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It’s time for more “good trouble” to stop school shootings

Ronald Mitchell
It’s time for more “good trouble” to stop school shootings
“You two are out... but she can stay for the time being.”

The United States last month experienced its 129th mass shooting of the year, and the 12th school shooting that resulted in death or injury, at Nashville’s Covenant School, where the lives of three young children and three adults were taken.

The following day, U.S. Senate Chaplain Barry C. Black gave the opening prayer in the chamber, a perfunctory task he has performed for the past 20 years. This time he delivered a sober and measured message to senators on both sides of the aisle.

“Lord, when babies die at a church school it is time for us to move beyond thoughts and prayers. Remind our lawmakers of the words of the British statesman Edmund Burke, ‘All that is necessary for evil to triumph is for good people to do nothing.’ Lord, deliver our senators from the paralysis of analysis that waits for the miraculous, use them to battle the demonic forces that seek to engulf us.”

Since Black became Senate chaplain in 2003, there have been more than 100 school shootings resulting in 200 deaths and injuries to 332 students and teachers. The frequency of school shootings has drastically increased over the past two decades. Meanwhile, besides a watered-down gun safety bill last year, about the only thing Congress has done is point at anything other than the literally smoking gun.

After an assault weapons ban was enacted in 1994, the gun lobby concocted an effective messaging strategy. One of the compromises made to get the law through the Senate  was that it would expire in 10 years. During that period, the National Rifle Association went to work weakening the resolve of Congress and the American people by pointing fingers at mental health, the Second Amendment, school security and the strategy of arming teachers. Gun manufacturers increased the production of AR-15 type weapons from less than 10% during the assault weapons ban to more than 30% today, mirroring the increase in mass shootings.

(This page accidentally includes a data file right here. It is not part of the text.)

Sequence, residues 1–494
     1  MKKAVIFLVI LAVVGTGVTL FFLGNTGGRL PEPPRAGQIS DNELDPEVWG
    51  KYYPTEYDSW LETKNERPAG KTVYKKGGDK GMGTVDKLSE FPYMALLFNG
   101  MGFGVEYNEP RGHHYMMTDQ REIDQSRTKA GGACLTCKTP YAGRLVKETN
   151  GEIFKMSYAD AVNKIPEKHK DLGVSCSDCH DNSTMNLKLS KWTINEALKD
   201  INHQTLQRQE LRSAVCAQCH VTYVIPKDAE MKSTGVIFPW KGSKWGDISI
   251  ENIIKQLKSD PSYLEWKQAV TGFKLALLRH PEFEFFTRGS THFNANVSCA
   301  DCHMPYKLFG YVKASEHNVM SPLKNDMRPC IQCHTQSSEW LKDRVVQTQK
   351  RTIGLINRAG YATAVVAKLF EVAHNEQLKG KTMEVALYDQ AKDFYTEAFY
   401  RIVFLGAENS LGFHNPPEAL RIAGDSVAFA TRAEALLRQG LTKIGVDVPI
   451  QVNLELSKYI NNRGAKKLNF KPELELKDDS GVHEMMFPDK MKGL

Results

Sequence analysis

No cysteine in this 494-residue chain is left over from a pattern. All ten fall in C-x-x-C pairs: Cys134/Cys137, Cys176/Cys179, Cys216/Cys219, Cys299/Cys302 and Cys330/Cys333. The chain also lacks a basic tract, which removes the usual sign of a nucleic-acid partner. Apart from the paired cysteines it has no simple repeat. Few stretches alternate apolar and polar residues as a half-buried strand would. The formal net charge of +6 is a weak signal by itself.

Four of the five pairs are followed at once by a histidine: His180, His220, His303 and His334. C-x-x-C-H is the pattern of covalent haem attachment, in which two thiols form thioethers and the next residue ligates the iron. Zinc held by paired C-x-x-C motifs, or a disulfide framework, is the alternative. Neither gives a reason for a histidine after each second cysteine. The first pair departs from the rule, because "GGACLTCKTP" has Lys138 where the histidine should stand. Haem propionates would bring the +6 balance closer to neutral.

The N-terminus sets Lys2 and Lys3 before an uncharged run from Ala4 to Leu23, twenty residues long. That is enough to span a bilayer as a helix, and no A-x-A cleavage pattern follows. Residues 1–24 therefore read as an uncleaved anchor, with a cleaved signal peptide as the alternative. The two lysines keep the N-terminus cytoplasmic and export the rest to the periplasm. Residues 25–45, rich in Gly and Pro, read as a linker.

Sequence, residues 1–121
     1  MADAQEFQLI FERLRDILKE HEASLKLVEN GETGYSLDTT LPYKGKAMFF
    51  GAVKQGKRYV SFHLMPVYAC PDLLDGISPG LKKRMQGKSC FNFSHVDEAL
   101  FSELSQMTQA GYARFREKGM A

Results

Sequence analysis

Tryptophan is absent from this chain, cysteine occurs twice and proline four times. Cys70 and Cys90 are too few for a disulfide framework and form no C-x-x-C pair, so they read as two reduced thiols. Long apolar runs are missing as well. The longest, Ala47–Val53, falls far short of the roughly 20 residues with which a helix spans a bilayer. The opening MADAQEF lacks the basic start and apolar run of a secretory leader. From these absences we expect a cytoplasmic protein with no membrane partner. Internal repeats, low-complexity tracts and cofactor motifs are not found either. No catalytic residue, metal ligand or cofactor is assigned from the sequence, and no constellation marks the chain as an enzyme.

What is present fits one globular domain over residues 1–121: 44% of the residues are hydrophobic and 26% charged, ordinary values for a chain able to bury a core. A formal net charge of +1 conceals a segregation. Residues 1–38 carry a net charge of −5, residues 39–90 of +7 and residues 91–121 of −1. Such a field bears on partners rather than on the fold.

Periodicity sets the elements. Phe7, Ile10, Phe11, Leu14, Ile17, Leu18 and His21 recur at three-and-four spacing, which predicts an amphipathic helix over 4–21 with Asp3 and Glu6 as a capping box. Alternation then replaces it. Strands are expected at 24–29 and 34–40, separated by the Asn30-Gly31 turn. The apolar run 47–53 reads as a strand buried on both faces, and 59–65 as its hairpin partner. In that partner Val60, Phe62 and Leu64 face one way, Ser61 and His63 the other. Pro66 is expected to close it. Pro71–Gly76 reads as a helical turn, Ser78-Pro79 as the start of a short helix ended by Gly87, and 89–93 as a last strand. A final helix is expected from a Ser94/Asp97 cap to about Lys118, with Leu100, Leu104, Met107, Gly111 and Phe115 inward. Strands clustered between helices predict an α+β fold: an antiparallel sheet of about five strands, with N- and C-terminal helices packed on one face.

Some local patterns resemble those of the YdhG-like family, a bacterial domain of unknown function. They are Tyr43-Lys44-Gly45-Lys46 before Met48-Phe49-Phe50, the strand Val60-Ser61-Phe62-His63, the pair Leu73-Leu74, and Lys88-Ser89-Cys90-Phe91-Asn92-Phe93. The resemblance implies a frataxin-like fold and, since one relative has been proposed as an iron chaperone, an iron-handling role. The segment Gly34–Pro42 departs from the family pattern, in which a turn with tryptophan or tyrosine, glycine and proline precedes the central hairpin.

With Tennessee politics taking a hard right turn, expanding gun rights and passing an open-carry gun law along with limiting “cabaret” drag shows, the shooting in Nashville has the potential to derail gun safety conversation further by focusing on the shooter being transgender, rather than on the guns she wielded.

After 20 years of relentless school shootings, researchers have compiled data on what these incidents have in common and what could be done to prevent them. A report from the Institute of Predictive Analytics at Tarleton State University last year found most shooters were reacting to grievances that may have accumulated over time, and 63% of the shooters were between 14 and 18 years old.

The data suggest that the focus of traditional gun legislation may be off the mark when it comes to school shootings. Safeguards like background checks and waiting periods are ineffective for minors who are too young to legally obtain a weapon. Because they are more likely to use a weapon they have access to at home, a better focus would be gun safety education for parents.

The other findings regarding shooters’ unaddressed grievances towards a school or individuals at one suggest schools should pay serious attention to any threats or complaints and focus on counseling and monitoring bullying, rather than arming staff.

After the Nashville shooting, three state representatives took to the floor of the Tennessee House and demanded that the body do some real lawmaking and take a stand against gun violence. The Republican-controlled body later expelled two Black members, Justin Jones and Justin Pearson, an extreme punishment for violating the chamber’s rules of decorum. In the past, the same body did not expel a representative found guilty of child rape and one who urinated on another representative’s chair during a heated debate.

A white member who joined the anti-gun protests, Gloria Johnson,  survived expulsion by one vote. Asked why she thought she survived the vote, she replied: “It might have to do with the color of our skin.”

The Nashville Metro Council has appointed Jones to fill his legislative seat until a special election is held, and county commissioners in Shelby County, where Memphis is located, were considering doing the same for Pearson. Under Tennessee’s constitution, the pair cannot be expelled twice for the same offense.

When our American political system has become so one-sided that elected officials can’t demand justice for six people killed by a mass shooter at a Christian school, we as a nation are in big trouble. The only way I can see a way out of this mess is to keep doing what Jones, Pearson and Johnson did and what civil rights leaders have done in the past: We must continue fighting with all we have and be willing to get in “good trouble,” as the late John Lewis said and did. 

School shootings, Tennessee lawmakers